PC Security - Trojan Horse Viruses
Trojan horse viruses got their name from the siege of
Troy, when the Greeks placed a large wooden horse outside the gates of Troy.
The Trojans assumed it was a peace offering from the Greeks, and moved the
horse inside the gates. The wooden horse was of course filled with hidden
warriors, and once inside the gates, they broke out of the horse, and demolished
the Trojans. Trojan horse programs work the same way.
Trojan horses can destroy files and data, but commonly contain spyware, and
even backdoor programs. Trojans are usually contained in software downloads
from unknown or untrusted sources. Some people don't consider a trojan horse
to be a virus, because it does not reproduce itself as a virus does, however
it's ability to destroy files and install programs without the user knowing
do indeed make it a virus.
When a trojan horse is being used as spyware, it monitors your computer
activities, and may even record keystrokes. This information is then sent
to a third party, without you being aware of it. It may also cause pop up
ads to display on your computer. The real danger is that information such
as passwords and credit card and banking information can be delivered to
that unknown third party, opening you up for identity theft.
When the trojan horse installs a backdoor program, it sends information to
the third party, making it possible for hackers to get into your system,
via the backdoor, and to use the system just as if it were their own. They
will often do this to look around your hard drive for information, but may
also use this to send spam with your email client, from your email address.
It is important to note that not all hackers are bad. Many of them are quite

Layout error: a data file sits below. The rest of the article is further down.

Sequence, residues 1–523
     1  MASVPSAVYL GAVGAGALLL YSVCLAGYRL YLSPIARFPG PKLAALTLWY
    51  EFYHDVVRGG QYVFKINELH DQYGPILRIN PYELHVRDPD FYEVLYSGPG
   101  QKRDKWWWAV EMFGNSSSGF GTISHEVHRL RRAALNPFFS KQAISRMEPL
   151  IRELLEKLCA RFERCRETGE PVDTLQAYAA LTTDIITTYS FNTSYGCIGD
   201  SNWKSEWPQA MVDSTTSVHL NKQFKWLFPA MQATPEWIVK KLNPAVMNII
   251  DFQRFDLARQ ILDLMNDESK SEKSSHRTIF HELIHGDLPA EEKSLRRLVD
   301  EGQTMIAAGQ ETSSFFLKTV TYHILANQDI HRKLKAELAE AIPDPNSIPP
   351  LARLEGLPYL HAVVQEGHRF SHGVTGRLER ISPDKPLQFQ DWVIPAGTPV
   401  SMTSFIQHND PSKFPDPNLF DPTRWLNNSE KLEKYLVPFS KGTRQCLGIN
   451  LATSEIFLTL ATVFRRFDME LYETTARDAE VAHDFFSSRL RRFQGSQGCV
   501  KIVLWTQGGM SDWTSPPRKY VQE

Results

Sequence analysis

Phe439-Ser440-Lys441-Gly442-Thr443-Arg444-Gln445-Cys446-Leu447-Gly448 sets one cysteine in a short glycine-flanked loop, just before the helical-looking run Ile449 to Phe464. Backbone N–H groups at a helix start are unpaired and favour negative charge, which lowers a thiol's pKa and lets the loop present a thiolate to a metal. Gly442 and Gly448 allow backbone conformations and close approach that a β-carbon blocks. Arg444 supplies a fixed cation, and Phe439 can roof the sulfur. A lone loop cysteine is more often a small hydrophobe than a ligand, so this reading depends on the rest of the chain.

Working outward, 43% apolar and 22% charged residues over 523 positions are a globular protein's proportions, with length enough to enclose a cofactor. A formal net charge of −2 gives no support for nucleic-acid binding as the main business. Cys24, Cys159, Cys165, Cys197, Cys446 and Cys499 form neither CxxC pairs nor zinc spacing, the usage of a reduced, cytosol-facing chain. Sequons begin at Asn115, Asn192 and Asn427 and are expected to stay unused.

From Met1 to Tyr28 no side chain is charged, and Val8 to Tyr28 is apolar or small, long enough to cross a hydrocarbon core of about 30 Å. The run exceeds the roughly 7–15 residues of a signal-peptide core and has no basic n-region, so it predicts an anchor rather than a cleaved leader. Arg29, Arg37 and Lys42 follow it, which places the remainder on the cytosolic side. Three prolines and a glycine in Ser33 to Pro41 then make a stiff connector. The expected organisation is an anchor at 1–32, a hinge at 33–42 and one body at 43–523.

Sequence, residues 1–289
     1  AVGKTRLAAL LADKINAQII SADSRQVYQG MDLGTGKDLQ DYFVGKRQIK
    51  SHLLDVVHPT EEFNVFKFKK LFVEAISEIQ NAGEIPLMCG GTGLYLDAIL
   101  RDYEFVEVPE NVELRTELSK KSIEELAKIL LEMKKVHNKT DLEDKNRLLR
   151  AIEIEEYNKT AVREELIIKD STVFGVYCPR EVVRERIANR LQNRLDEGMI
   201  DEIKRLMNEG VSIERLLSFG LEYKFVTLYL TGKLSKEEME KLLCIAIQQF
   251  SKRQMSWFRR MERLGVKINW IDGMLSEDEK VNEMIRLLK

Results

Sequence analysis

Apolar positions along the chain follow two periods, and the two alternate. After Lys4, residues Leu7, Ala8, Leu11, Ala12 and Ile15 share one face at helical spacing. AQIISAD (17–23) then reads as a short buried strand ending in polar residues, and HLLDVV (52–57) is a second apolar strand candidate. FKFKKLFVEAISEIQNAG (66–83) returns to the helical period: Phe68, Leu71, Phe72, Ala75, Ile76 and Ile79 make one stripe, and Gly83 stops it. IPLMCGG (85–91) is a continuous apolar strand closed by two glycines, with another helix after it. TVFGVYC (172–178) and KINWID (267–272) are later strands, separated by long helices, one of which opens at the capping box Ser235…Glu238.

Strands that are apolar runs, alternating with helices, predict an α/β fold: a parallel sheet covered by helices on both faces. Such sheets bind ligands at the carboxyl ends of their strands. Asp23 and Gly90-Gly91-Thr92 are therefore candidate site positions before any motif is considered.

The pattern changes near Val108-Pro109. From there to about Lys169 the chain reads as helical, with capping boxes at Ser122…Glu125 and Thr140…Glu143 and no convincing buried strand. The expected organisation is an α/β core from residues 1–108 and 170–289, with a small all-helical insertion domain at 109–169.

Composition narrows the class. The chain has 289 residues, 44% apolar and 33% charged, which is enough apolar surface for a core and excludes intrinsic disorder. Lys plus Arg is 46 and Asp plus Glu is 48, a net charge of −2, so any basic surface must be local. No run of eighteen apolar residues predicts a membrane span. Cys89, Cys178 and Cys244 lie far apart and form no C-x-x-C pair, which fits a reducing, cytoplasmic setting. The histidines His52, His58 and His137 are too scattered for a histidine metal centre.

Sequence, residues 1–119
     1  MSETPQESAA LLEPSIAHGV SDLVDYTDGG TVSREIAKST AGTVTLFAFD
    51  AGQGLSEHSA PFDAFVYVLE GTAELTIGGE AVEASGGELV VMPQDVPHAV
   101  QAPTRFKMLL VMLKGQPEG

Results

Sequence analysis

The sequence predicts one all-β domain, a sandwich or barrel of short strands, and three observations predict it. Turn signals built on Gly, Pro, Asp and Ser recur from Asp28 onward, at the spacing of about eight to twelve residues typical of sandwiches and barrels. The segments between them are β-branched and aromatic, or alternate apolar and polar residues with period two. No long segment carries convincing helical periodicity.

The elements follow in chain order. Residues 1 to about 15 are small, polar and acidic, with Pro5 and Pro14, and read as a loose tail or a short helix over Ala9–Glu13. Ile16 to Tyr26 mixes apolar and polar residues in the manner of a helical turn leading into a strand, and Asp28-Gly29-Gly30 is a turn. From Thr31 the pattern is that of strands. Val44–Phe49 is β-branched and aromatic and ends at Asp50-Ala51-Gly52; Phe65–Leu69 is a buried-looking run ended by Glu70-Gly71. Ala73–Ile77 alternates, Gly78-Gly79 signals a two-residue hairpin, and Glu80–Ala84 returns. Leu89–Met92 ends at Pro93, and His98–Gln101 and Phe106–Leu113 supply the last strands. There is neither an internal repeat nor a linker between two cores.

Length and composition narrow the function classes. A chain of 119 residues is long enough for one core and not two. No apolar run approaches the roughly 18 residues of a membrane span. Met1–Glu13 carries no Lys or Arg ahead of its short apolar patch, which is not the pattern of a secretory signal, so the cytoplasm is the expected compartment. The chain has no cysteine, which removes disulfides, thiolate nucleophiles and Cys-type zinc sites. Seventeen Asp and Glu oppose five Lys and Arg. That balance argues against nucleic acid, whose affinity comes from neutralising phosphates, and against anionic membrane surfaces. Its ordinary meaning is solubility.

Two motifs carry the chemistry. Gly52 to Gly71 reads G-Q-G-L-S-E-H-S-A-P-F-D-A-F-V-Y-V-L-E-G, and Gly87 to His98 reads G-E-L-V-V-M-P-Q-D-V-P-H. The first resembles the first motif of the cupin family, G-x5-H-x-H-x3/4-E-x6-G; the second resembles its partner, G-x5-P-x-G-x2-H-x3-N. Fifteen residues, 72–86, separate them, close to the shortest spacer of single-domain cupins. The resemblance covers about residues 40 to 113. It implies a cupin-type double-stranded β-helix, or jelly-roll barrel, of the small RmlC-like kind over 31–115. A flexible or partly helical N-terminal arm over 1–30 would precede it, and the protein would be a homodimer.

reputable, and would never harm a system, or use it for devious purposes.
In fact, many financial institutions hire hackers in order to find security
holes in their system to make it safer. Crackers on the other hand, are a
danger. This group of people do indeed break into systems with the intent
of causing harm, and they often write malicious programs as well.
Again, trojans may be distributed via free software downloads, but they can
also arrive via email attachments, just as other viruses and worms do. You
should also be careful about opening attachments from unknown sources, and
also from downloading free software from unknown sources. If the software
has a .exe extension in the file name, be especially careful.
These days, trojan horses can even be embedded in image files. People commonly
send photos to each other online, and this is dangerous in every aspect,
unless you know the person, and you know that they take precautions against
viruses, worms, and trojan horses as well. Even then, you still run a risk.
One of the most well-known trojan horses is called Sub7. Sub7 will allow
you to remotely control your own computer, but it allows others to as well.
Never install any such software on your computer!
Some of the better brands of anti-virus software will detect, block, and
even remove trojan horses. It is vital that you ensure that your virus checker
does indeed do this, and it is also vital that you keep the virus definitions
up-to-date. Again, always be cautious when opening email attachments, and
when downloading free software.
PC Security: Index
Stopping Spam Part 1
Stopping Spam Part 2
PC Security: Spam
Email Security and Spam
Protecting Computers From Viruses
Trojan Horse Viruses
Removing a Virus
Cell Phone Viruses
Firewalls Part 1
Firewalls Part 2
Security: Parental Control Software
Malware - Spyware and Adware
Pop Up Windows
Security: Safe Public Computer Use
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